Improving Pregnancy Chances for Women Who Don't Ovulate

Aging decreases the number of eggs in the ovaries that a woman can ovulate and therefore the odds of of conceiving also decreases as one age. The 24 million eggs that are present in the ovaries of a female fetus only result in about a million follicles at birth, and we only ovulate about 400 times. As the number of reserve eggs decreases the rate of regular ovulation goes down and in order to conceive a woman may require help in ovulating. Although previously it was thought that a single follicle awakes from a group of eggs that are stimulated in the weeks before ovulation, always thought to occur in a cycle before the cycle in which we ovulate, there is evidence now that the process takes more like 3 months. The cycle is mostly controlled by the brain hormone FSH (follicle stimulating hormone) from the pituitary gland. FSH stimulates follicles, which are sacs of cells that contain an egg, to develop during those important last two weeks when rapid growth in a follicle occurs.. And FSH is controlled by signals that feed back to the gland from the estrogen that the follicle begins to make as well as higher brain centers We know that local hormone signaling within the ovary
is important as well. And this may help to explain the fact that as women age there seems to be a poorer response to the hormone stimulation used to help her get pregnant. If a woman is not completing the process on her own medications have been used to help ovulation, the best known medication used for this is clomiphene, but medications such as aromatase inhibitors, like letrozole, and actual FSH injections are also used for this. Still some women will not respond with ovulation. Various strategies have been tried to improve a woman's chances, including pre-treatment with insulin sensitizing agents, birth control pills, GNRH (gonadotrophin releasing hormone), LH (luteinizing hormone) and the hormone DHEA (dihydroepiandosterone). The pretretment can help the follicle cells become more responsive to the FSH signals. A group of Korean fertility researchers just published their results with pretreatment using testosterone gel in low doses 12.5 mg (note this level is fairly low, or 0.125 grams, as compared to the 1.25 grams which is the lowest male androgen level available in the Androgel 1% testosterone gel that is used for male testosterone treatments) to help improve rates of success in their IVF patients. The testosterone gel is thought to mimic a normal step in the sequence necessary for a successful ovulation process by which the soon to be ovulatory follicle gets stimulated by local hormones to increase it's ability to respond to FSH. Although these women could potentially get side effects of the male hormone, it might help people who didn't get enough ovulation response from their other treatments, to be successful. Other fertility factors to be treated improve chances would include being sure the timing of sex is correct during the ovulation process, having healthy fallopian tubes, having a partner with an optimized sperm count, and using insemination techniques.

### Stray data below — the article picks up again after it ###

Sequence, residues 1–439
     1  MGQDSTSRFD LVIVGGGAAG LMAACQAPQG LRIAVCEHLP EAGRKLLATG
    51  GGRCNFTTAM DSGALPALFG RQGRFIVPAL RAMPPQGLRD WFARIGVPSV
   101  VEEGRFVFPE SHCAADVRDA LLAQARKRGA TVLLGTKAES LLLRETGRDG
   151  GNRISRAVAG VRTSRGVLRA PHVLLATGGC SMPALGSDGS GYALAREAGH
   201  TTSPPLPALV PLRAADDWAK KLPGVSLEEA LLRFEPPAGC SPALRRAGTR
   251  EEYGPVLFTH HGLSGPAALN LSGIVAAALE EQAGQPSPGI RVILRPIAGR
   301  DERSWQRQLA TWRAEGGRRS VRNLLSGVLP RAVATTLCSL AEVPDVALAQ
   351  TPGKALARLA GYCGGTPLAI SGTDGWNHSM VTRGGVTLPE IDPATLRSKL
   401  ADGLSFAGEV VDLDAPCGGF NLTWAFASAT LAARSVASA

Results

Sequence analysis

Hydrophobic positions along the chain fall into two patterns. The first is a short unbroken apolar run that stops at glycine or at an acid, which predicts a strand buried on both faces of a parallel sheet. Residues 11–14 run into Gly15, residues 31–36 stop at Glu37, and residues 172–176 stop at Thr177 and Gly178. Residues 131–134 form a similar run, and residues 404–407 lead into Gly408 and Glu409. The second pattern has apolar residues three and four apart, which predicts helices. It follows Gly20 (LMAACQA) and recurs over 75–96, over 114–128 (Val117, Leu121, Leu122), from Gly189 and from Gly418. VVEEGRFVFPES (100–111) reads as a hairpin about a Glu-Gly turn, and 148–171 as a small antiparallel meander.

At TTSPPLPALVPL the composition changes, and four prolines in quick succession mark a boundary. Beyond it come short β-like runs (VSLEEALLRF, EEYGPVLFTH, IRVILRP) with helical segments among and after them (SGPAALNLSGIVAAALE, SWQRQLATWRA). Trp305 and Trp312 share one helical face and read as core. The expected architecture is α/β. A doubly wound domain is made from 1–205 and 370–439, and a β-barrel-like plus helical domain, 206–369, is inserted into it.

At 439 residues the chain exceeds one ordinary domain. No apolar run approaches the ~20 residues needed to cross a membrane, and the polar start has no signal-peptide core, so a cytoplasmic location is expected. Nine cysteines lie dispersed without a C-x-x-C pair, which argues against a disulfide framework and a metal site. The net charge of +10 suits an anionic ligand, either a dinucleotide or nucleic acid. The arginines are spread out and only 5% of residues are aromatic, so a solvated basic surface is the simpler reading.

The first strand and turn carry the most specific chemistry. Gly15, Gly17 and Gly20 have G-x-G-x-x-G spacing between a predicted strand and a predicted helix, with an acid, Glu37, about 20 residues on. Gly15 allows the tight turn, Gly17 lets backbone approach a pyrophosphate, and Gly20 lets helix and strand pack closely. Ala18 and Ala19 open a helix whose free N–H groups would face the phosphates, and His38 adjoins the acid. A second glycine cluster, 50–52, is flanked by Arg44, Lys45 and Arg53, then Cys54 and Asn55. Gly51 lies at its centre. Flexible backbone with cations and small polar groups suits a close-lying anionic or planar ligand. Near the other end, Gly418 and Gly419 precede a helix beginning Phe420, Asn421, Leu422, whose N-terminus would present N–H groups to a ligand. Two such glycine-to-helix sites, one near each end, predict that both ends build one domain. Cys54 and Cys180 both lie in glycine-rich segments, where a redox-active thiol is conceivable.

1. Their can be many reasons behind the late time pregnancy. Aging decreases the number of eggs in the ovaries that a woman can ovulate and therefore the odds of conceiving also decreases as one age. This can be improved such that many new techniques are available.

  2. I agree with your comment that many new techniques for the treatment of infertility due to poor ovulation are available. These new techniques available are also helping women become pregnant later in life than ever before, when their egg supple is diminished. For women over the age of 35 should seek advice if she is trying to get pregnant and it has been over 6 months. What treatments do you recommned?


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